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hiker

hiker

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Mists and mellow fruitfulness...

Reviews written

since 28/03/2003

622

Premier Travel Inn London - Tower Bridge, London 26/10/2014

Room at the Inn

Premier Inn Birmingham City Centre, Birmingham 26/10/2014

Another Night, Another Premier

Long Reviews vs Short Reviews 13/10/2014

Let You Entertain Me

The Long Good-bye - Raymond Chandler 12/10/2014

Not So Fond Farewells

Landfall - Helen Gordon 11/10/2014

There's a darkness...

Mercure Brandon Hall Coventry, Brandon 05/10/2014

More Warwickshire than Coventry

Mercure Brandon Hall Coventry, Brandon Commuting between Norwich & Coventry is not a realistic option and given that I'm not about to give up the former for the latter as a full-time home, the only solution is to work from home some of the time and accept frequent business trips to the office. Too frequent, but, hey, I love my job. The upshot of all of this is that I feel as though I live in the Premier Inn on the outskirts of town. I'm not saying that I'm a frequent visitor, but they do apologise if "my" room is not available. ( They decided it was my room, I never actually asked for it ... but I am getting to the point where I feel I should be moving in my own furniture and cuddly toys.) But just occasionally, there are reasons why it turns out not to be the Premier. On the latest occasion it was simply that I was late booking and they were full. So next up, was Brandon Hall. We (the company) use Brandon Hall a lot - it's only a short drive from the office (not so helpful for those of us who don't drive) and does have a spa, gym and pool (essentials for those who are more important than me and just conceivably spend even more time away from home - though I'm not convinced about that last bit). To be fair - once our company rates are taken into account, it isn't always more expensive than the Premier. Sometimes it is, vastly so - you're not going to get a £29 room here - but Premier rates are notoriously variable, so it's worth checking. It's also close enough for us to use for meeting space when the office ...

The Madonnas of Leningrad - Debra Dean 28/09/2014

Beauty Under Siege

Glan Y Mor, Rhosneigr 27/09/2014

Glan Y Mor - Sea Shore retreat

Glan Y Mor, Rhosneigr Where to start? Well, technically I should probably start with why I wanted to come to Anglesey, or maybe with the booking process... but that's all just technicalities. I could start with getting off the train at Rhosneigr station, glad that the sun was shining, and that there was actually a footpath all the way to the village. I could start with the difficulty of finding the cottage... the directions only actually make sense after you've found the place. I did ask a woman walking her dog – but she wasn't local. Then there was a couple – "we only arrived today". Then there was the gent who said he was 'sort of local'. What he meant was that he owned the cottage, but didn't live here full time. All the same he came out barefoot and started walking up the road with me. Didn't really have any more idea than I did, but he pointed me in the right direction. And I got here eventually. But really the place to start isn't with any of that. So ignore it. The place to start is walking into the white walled, white floored, kitchen and thinking: YES! The place to start is wandering around the ground floor, and finding the deck that overlooks the dunes. The place to start is knowing that you're going to come back, even though you've only been here for an hour or two. And of course, I shouldn't post this review until I've booked for next year. THE LIVING ROOM The house fronts directly onto the dunes – whatever road once existed seems to have vanished in the meantime – and the living ...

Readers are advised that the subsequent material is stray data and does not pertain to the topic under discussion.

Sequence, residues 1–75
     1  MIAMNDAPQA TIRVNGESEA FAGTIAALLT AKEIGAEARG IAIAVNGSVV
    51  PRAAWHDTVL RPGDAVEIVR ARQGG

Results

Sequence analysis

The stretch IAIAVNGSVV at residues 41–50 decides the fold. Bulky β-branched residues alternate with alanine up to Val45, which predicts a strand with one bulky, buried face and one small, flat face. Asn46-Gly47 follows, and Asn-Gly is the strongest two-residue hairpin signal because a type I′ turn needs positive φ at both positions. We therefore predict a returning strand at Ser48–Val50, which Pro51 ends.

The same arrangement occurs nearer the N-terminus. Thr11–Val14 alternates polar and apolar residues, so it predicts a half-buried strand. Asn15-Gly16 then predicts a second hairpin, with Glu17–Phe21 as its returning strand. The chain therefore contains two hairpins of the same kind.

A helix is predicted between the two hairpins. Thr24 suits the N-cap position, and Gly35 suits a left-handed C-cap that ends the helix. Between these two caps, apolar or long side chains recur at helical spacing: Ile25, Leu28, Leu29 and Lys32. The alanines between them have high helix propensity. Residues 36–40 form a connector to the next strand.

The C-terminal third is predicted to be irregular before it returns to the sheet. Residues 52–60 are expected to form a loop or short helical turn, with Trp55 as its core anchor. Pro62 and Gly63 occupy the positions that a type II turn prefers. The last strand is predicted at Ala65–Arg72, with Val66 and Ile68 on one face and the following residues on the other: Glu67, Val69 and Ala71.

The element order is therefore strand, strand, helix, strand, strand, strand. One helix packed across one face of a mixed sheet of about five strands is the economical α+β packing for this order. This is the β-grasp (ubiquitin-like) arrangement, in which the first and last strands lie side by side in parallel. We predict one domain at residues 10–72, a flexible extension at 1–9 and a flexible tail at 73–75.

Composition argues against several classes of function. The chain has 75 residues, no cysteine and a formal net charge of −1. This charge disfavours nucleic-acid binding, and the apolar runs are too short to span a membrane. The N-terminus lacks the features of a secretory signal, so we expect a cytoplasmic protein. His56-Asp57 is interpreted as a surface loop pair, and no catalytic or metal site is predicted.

Daughters of Fire - Barbara Erskine 21/09/2014

Dangers of History

Lonesome George - Henry Nicholls 20/09/2014

Not Just About George

Lonesome George - Henry Nicholls Sometimes we find books on our shelves that we've been meaning to read for a long time, and by the time we get around to reading them they may have lost their original purpose. It would be easy to assign this category to Henry Nicholls' tale of (probably) the last Pinta giant tortoise – an old male whom the media christened Lonesome George. If the book had been what its cover purports it to be the life and loves of the world's most famous tortoise there might well be cause to pass it over. If you're remotely interested in the Galapagos and its tortoises, you probably already know that Lonesome George passed away a couple of years ago. The post-mortem confirms that, basically, he died of old age – this despite the fact that by local tortoise standards, he wasn't that old. Maybe he just finally got the feeling that there wasn't much to continue living for. Who knows what goes through the head of a tortoise – even such a well-studied one as this. The point I was wanting to make though, is that the death of George doesn't detract from the value of the book. Obviously, six years after its publication and with the death of its alleged star, some of the possibilities explored in the later chapters are now absolutely non-viable. On the other hand, if, like me, reading it sends you off to find out what happened next, you'll discover that there is still hope – some of it surprising. I'll leave that part of the journey to you. So back to the book… For those who do not know: ...

Happpiness is Easy - Edney Silvestre 31/08/2014

The Wrong Boy

Kagbeni, Upper Mustang, Nepal 30/08/2014

Mustang Gateway

Contact - Jonathan Buckley 25/08/2014

Undesirable Contact

Fishtail Lodge, Pokhara 25/08/2014

Lakeside Lodge Below Fishtail Mountain

Lamb - Christopher Moore 24/08/2014

Life of Biff

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